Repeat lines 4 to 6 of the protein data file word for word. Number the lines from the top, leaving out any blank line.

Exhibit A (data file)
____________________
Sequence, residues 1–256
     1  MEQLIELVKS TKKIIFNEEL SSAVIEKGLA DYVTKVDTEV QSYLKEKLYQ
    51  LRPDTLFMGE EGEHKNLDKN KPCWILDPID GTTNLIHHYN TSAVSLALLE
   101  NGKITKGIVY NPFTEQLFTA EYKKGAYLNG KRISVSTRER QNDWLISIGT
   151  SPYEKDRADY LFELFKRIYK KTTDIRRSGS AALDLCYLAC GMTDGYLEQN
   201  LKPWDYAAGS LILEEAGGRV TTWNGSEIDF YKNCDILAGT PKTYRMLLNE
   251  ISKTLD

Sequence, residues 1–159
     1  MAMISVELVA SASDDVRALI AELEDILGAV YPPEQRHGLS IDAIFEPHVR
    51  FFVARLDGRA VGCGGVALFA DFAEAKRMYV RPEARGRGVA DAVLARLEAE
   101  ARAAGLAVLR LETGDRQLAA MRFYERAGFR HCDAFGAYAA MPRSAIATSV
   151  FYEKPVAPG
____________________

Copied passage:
   101  NGKITKGIVY NPFTEQLFTA EYKKGAYLNG KRISVSTRER QNDWLISIGT
   151  SPYEKDRADY LFELFKRIYK KTTDIRRSGS AALDLCYLAC GMTDGYLEQN
   201  LKPWDYAAGS LILEEAGGRV TTWNGSEIDF YKNCDILAGT PKTYRMLLNE